China, the second-biggest corn consumer, lowered subsidies for producers of grain-based ethanol by more than half in the latest move to curb industrial use and ensure livestock-feed supply, reports Bloomberg.
Producers now get 500 yuan (US$79) for a tonne of ethanol made with corn or other grain, down from 1,276 yuan last year, COFCO Biochemical Co. said in a statement to the Shenzhen Stock Exchange, citing a Ministry of Finance order.
Subsidies on ethanol from non-grain crops such as cassava will be 750 yuan(US$119), it said, without giving a previous figure.
Corn prices in China surged to a record this year as rising demand from producers of hogs, cattle and poultry outpaced production.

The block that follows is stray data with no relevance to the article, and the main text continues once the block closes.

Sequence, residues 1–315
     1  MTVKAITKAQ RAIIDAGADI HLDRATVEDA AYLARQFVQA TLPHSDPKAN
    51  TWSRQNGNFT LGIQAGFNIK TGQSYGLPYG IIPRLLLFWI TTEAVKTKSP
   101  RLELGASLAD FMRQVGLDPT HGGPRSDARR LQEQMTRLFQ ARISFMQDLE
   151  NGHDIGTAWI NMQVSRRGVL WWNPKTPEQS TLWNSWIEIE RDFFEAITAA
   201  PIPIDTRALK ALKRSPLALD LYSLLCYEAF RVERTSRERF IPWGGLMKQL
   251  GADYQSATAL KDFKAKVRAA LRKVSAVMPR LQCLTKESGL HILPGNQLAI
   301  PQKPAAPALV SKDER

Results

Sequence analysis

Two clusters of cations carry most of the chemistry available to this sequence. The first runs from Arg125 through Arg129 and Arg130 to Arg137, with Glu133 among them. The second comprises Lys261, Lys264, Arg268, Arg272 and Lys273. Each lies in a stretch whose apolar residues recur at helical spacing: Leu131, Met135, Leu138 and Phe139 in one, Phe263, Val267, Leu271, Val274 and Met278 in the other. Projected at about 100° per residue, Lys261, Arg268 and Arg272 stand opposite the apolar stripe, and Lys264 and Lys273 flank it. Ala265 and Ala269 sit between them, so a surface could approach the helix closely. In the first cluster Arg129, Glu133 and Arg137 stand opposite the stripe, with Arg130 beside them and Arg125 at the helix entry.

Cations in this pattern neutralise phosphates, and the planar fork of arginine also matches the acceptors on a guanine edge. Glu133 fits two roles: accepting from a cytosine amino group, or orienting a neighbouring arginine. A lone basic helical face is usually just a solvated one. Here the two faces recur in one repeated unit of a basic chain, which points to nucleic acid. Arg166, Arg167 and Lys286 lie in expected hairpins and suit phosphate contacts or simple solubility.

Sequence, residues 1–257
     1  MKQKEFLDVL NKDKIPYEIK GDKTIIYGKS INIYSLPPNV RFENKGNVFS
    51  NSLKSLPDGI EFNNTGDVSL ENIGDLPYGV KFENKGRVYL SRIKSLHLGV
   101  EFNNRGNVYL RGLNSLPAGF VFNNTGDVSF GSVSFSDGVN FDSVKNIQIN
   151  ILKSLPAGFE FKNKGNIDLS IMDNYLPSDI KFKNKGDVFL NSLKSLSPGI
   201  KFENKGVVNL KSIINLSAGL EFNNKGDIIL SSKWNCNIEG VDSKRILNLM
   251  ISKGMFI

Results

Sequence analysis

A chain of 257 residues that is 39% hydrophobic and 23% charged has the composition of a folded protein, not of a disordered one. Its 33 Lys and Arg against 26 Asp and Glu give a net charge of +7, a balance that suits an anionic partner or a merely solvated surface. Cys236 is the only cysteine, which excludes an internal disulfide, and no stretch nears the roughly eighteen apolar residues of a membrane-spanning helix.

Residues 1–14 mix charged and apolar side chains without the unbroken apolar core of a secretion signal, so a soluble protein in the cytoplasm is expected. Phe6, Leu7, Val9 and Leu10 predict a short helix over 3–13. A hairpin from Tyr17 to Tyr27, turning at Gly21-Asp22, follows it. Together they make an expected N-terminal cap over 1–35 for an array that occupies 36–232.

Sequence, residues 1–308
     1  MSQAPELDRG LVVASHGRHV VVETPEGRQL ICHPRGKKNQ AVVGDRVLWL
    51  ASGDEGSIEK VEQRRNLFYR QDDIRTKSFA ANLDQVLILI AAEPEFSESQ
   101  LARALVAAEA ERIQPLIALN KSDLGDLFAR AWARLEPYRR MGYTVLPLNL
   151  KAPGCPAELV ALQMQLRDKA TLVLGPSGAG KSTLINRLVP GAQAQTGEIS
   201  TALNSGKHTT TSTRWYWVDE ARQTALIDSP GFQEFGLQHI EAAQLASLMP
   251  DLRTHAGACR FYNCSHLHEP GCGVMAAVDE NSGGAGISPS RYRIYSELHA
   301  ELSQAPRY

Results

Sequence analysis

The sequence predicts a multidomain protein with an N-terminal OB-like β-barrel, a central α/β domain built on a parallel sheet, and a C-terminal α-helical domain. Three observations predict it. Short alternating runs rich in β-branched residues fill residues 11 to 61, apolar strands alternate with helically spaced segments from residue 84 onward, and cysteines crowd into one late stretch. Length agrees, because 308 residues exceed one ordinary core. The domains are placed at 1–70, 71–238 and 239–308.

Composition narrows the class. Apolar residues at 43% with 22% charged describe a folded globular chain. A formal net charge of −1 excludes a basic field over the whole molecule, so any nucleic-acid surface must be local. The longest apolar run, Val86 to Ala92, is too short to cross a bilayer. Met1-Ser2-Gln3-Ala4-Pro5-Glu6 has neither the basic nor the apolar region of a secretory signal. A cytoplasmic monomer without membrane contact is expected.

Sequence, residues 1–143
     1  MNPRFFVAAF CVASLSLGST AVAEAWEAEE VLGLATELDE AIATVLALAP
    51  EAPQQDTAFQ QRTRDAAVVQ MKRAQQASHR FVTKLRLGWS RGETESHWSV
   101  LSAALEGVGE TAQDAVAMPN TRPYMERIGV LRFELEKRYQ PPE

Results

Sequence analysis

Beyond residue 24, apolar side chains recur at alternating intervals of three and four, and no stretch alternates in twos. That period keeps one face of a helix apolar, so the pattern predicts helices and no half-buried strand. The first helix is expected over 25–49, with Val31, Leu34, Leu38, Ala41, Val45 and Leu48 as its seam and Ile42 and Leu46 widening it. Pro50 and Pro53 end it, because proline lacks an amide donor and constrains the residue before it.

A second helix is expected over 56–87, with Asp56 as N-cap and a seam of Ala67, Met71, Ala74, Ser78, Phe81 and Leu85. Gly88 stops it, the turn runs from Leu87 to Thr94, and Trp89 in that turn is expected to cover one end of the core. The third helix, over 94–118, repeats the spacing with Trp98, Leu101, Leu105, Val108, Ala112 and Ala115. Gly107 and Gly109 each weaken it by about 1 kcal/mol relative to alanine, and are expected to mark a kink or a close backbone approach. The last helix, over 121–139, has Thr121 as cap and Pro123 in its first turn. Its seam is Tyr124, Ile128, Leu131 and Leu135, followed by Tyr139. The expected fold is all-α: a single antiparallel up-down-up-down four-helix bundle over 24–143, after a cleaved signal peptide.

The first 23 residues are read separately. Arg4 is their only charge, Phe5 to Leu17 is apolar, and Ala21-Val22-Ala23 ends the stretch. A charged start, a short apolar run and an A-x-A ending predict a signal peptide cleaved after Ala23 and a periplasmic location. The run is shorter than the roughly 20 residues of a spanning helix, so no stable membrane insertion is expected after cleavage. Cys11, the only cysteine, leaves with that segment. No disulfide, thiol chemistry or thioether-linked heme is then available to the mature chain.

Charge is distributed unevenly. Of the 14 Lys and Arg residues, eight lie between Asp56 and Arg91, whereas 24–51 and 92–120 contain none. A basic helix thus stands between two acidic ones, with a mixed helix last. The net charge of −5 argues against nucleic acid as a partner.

The nation may more than quadruple corn imports to 4 million tonnes in the 2011-2012 marketing year, according to the U.S. Department of Agriculture.
Market analysts conclude that with rising gasoline prices, losses from producing ethanol are shrinking, so “it doesn’t make sense to continue subsidizing this industry,” a spokesman said.
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